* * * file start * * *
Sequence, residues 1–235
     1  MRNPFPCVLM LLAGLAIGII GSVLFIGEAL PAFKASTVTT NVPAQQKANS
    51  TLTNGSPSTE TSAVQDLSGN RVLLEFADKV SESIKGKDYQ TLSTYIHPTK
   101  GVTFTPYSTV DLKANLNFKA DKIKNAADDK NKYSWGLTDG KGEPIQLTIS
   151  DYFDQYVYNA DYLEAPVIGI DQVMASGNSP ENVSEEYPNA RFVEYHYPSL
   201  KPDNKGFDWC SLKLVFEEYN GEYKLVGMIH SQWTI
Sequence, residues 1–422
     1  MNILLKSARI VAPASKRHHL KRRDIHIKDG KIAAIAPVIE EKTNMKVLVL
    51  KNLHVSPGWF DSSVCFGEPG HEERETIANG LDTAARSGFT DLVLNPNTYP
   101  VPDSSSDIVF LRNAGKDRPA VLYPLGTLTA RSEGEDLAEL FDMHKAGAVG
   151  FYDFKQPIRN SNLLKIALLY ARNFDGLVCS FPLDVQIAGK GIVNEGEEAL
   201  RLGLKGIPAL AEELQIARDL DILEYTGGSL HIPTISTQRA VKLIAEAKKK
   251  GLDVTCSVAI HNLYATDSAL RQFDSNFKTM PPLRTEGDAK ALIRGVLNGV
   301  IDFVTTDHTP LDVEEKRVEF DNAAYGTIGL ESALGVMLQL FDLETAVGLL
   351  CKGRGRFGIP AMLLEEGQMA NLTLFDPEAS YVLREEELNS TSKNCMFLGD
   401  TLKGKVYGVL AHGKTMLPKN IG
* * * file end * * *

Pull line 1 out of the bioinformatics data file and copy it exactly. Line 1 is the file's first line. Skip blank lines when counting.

Sequence, residues 1–235